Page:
Biological defense strategies against beet and crucifer flea beetles
Biological defense against the beet and crucifer flea beetles can be quite complex and requires various precautions and techniques.
Even identifying the presence of the flea beetle on plants is not easy. This insect is extremely mobile, and that’s why it is also called the ‘garden flea’. When it feels threatened, it makes long jumps that make it difficult to detect. Thus, it is easier to locate it by observing the plants’ vegetation. Unusual perforations are an alarming signal.
Here’s what you can do:
A good agronomic practice like using natural mulch or jute sheets limits the flea beetle’s ability to emerge from the soil and reach our plants.
Using trap crops that the flea beetle is highly attracted to can be a good solution. For example, if you are growing cabbages and want to protect them, you can sow some rocket salad among the rows, as flea beetles cannot resist it. By defending the main crops, you are sacrificing spy plants. This technique is also excellent for monitoring the situation.
Good results can be achieved with other crops such as Indian mustard (Brassica juncea) and horseradish.
Neem oil and nettle macerate
Two organic remedies to keep the beet and crucifer flea beetles away from the garden are neem oil (available here) and nettle macerate. Both products act as protective barriers for the plants. The strong and pungent odor of both neem oil and nettle macerate serves as an effective repellent against this garden flea. Naturally, these two natural products should be used preventively, if possible. Once an infestation is underway, their repellent effect weakens.
Formulations based on azadirachtin are perhaps the most effective biological remedy against both beet and crucifer flea beetles. When applied to the early stages of their development, the active ingredient’s mechanism of action blocks their growth. Within a week, this will lead to the insect’s death. In essence, the young flea beetle stops feeding and halts its trophic activity.
The treatment should be done during the cooler hours of the day to allow more time for the active ingredient to work. An appropriate pressure sprayer can be used for the treatment.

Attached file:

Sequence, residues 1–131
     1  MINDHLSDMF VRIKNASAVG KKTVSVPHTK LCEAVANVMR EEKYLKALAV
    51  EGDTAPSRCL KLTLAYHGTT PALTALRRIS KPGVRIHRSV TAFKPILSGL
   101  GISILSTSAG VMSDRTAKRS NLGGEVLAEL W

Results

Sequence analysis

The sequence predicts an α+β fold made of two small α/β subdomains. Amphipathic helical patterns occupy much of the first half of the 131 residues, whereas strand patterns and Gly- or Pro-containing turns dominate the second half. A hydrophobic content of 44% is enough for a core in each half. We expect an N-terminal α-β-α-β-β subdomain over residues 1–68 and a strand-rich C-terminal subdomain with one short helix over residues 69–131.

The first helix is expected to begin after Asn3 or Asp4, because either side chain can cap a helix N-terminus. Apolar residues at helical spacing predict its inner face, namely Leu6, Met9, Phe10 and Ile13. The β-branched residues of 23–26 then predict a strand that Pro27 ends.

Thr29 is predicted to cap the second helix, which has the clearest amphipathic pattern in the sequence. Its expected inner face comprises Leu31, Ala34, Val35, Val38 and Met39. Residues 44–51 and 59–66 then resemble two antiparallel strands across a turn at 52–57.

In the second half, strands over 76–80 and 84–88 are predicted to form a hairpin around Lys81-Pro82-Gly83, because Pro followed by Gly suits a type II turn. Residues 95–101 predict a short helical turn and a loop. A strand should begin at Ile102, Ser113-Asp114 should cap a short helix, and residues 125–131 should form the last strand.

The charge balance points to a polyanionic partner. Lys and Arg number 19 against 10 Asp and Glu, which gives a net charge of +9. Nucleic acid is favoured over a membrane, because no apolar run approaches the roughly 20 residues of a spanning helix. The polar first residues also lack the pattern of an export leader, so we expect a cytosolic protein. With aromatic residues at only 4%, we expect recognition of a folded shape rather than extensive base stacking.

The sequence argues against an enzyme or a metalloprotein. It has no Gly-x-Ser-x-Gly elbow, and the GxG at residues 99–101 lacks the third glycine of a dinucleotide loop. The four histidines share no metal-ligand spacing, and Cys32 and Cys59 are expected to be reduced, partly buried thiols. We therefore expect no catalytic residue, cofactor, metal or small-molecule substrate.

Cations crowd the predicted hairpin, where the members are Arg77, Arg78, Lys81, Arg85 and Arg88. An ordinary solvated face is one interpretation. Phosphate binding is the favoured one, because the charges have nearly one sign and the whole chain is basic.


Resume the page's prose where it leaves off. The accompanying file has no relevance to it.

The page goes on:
Azadirachtin, while being an active ingredient allowed in organic agriculture, should only be used in severe infestations and when other preventive remedies we have proposed are insufficient to limit the flea beetles’ damage.
- PubMed – “Jumping of flea beetles onto inclined platforms.” This study explores the jumping behavior of flea beetles on inclined platforms.
- PubMed – “Epitrix flea beetles: new threats to potato production in Europe.” This article discusses the threat posed by Epitrix flea beetles to potato production in Europe.
- ResearchGate – “Integrated management of flea beetle and thrips on mungbean in coastal habitat.” This study explores the integrated management of flea beetle and thrips on mungbean in coastal habitat.
- ResearchGate – “A flea beetle can stick a perfect landing.” This research investigates the landing capabilities of flea beetles.
- ResearchGate – “Jumping of flea beetles onto inclined platforms.” This study examines the jumping behavior of flea beetles on inclined platforms.
- University of Minnesota Extension – “Flea beetles.” This comprehensive guide provides information on flea beetles, their identification, life cycle, the damage they cause, and management strategies.
- The Old Farmer’s Almanac – “Flea Beetles.” This article provides an overview of flea beetles and offers tips on how to prevent and get rid of them.
- The Spruce – “How to Prevent and Get Rid of Flea Beetles.” This guide provides practical advice on how to deal with flea beetles in your garden.
- SDSU Extension – “Dealing With Flea Beetles.” This article from South Dakota State University Extension provides information on how to manage flea beetles.